A public reception will be held 10 a.m.-4 p.m. CDT with refreshments and a presentation by Minuteman Missile National Historic Site Superintendent Eric Leonard entitled “The Story of South Dakota’s Missile Field” at 2 p.m. Museum staff from both sites will be on hand to greet visitors and answer questions in the gallery. There is no admission to attend the reception or the presentation. 

A launch control facility in South Dakota is shown under construction. The ground breaking of South Dakota's missile field was Sept. 11, 1961. By 1963 all of the 150 launch facilities (missile silos) and 15 launch control facilities were manned and ready to defend the United States as a deterrent. 

(Photo courtesy Minuteman Missile National Historic Site)
The exhibit, which will be open through February 2021, is a collaboration with the Minuteman Missile National Historic Site. The two institutions have been working together since June 2018 on the project. 

Featuring never-before-seen artifacts from the collections of the Minuteman site and the State Historical Society, the exhibit traces the development of the Cold War-era missile field in South Dakota to house the new Minuteman missile and later the Minuteman II nuclear weapons designed to shield the United States from Russian missiles. 

From local protests about land use to the life of the missileers who operated both above and below ground, the exhibit employs photographs, artifacts, music, video, oral histories and interactives that bring this complex story to light. The exhibit includes a 1980s-era video game called “Missile Command,” Civil Defense videos featuring a character named “Bert the Turtle” and political advertisements that serve to remind visitors how the Cold War was omnipresent in American culture of the era.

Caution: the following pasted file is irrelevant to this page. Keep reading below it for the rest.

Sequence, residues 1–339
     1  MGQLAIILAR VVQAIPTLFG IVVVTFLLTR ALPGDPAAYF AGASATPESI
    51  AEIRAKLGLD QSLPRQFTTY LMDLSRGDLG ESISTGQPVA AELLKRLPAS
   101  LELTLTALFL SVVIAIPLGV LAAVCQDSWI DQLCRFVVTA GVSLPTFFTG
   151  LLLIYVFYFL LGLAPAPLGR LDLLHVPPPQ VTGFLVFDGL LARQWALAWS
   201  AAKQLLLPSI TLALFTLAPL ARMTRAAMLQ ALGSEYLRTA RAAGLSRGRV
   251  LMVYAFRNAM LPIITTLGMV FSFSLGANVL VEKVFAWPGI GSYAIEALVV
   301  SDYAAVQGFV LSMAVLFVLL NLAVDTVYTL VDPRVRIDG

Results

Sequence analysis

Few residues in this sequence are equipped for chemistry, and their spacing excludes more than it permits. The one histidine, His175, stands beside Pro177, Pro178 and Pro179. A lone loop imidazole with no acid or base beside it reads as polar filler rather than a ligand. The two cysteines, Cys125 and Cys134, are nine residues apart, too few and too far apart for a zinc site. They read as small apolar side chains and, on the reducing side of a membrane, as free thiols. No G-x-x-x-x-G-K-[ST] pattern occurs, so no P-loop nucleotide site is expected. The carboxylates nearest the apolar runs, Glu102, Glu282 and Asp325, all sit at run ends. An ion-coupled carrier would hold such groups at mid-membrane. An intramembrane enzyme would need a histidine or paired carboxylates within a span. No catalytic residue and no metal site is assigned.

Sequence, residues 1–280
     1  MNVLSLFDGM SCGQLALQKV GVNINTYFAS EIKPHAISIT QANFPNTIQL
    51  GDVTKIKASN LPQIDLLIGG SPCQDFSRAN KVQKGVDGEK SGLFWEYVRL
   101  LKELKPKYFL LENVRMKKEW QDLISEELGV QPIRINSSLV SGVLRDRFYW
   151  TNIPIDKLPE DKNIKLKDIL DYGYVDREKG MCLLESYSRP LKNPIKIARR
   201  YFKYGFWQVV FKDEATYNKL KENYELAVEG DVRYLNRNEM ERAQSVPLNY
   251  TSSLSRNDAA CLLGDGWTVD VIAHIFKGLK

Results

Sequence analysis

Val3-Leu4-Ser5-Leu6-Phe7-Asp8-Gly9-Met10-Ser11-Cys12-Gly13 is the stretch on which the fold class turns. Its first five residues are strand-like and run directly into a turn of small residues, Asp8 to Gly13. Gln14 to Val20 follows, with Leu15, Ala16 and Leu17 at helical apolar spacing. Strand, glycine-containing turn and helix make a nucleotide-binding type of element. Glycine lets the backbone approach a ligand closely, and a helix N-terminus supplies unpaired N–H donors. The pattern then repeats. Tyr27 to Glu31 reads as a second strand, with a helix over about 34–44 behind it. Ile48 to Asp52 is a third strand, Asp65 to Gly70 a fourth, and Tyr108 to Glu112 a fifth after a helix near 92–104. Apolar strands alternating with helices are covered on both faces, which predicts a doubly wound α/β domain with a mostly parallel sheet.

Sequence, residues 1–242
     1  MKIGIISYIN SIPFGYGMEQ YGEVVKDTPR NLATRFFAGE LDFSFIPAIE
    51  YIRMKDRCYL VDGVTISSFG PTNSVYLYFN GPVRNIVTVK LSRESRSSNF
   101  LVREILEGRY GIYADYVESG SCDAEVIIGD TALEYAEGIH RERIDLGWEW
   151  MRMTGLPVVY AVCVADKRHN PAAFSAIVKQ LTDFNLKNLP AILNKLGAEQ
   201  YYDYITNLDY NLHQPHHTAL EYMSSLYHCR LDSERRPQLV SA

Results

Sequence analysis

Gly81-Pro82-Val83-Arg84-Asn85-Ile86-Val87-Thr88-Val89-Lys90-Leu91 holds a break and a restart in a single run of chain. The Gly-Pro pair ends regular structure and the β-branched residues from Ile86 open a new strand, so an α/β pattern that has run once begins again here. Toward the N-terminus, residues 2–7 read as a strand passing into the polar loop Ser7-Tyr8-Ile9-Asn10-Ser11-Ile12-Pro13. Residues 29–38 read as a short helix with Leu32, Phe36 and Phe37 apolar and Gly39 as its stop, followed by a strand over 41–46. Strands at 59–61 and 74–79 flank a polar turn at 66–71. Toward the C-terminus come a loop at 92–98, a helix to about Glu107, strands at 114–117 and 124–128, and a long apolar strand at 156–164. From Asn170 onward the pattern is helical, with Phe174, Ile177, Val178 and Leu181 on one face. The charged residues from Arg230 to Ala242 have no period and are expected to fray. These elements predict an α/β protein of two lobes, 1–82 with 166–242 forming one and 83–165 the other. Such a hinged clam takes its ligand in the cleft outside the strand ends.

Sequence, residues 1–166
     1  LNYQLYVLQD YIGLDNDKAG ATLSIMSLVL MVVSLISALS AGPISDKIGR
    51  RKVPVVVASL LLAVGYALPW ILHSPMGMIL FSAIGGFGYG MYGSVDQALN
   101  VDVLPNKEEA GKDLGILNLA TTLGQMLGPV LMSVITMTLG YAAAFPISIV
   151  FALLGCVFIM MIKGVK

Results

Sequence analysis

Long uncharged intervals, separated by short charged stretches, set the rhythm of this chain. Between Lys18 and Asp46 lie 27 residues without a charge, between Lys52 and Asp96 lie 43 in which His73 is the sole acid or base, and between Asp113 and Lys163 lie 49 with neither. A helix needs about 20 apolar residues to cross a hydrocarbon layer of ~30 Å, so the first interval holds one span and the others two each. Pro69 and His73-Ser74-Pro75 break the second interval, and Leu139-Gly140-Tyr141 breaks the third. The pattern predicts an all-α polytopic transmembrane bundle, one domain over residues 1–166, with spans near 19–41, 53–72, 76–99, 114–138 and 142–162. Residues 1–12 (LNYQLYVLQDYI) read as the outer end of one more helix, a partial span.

“It was important to us not to duplicate the exhibit that presently exists at the Minuteman site near Phillip,” said Jay Smith, museum director. “So we worked closely with Minuteman Superintendent Eric Leonard and his staff to ensure that we had a unique story to tell that emphasized different aspects of both the material culture and the human face of the silent silos story.”

Artifacts such as a transport container that once held top-secret control panels, the launch keys that two missileers had to simultaneously turn to engage the warheads and other items will be displayed in the museum exhibit. The exhibit also features oral histories from the missileers who described what it was like to work in the missile field. A menu board from the above-ground barracks will display the sustenance provided the men and women at the site.  

The exhibit also addresses how and why the missile field was closed, the economic impact the missile field had on the economy of western South Dakota, as well as the anti-nuclear and anti-war protests that occurred in South Dakota in the ‘70s, ‘80s and ‘90s. 

“Simply put, this is a complex story worthy of preservation and public attention,” Smith said. “The impact of the missile field on South Dakota history continues to reverberate through the creation of the Minuteman Missile National Historic Site by the National Park Service. The site draws more than 125,000 visitors each year, making it one of the most popular attractions in the state.”

The museum is open from 9 a.m.-4:30 p.m. CDT Monday through Saturday, and 1-4:30 p.m. CDT on Sundays and most holidays. Call 605-773-3458 for more information about exhibits, special events and upcoming activities.

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About the South Dakota State Historical Society
The South Dakota State Historical Society is a division of the Department of Education. The State Historical Society, an Affiliate of the Smithsonian Institution, is headquartered at the South Dakota Cultural Heritage Center in Pierre. The center houses the society’s world-class museum, the archives, and the historic preservation, publishing and administrative/development offices. Call 605-773-3458 or visit www.history.sd.gov for more information. The society also has an archaeology office in Rapid City; call 605-394-1936 for more information.

Friday, March 8, 2019

SDSHS lists early auto licenses/dealers online


The State Archives of the South Dakota State Historical Society recently added to its website searchable indexes to motor vehicle licenses issued from 1905-1911 and automobile dealer licenses issued from 1913-1919. 

Visit the State Archives website at history.sd.gov/archives. A link is found on the Collection Indexes page to Automobile Licenses/Dealers.

The first auto license was issued to Jason T. Bigelow of Flandreau in March of 1905. The vehicle had a 4.5-horsepower Olds Motor Works engine and featured signals of a gas lamp and bell.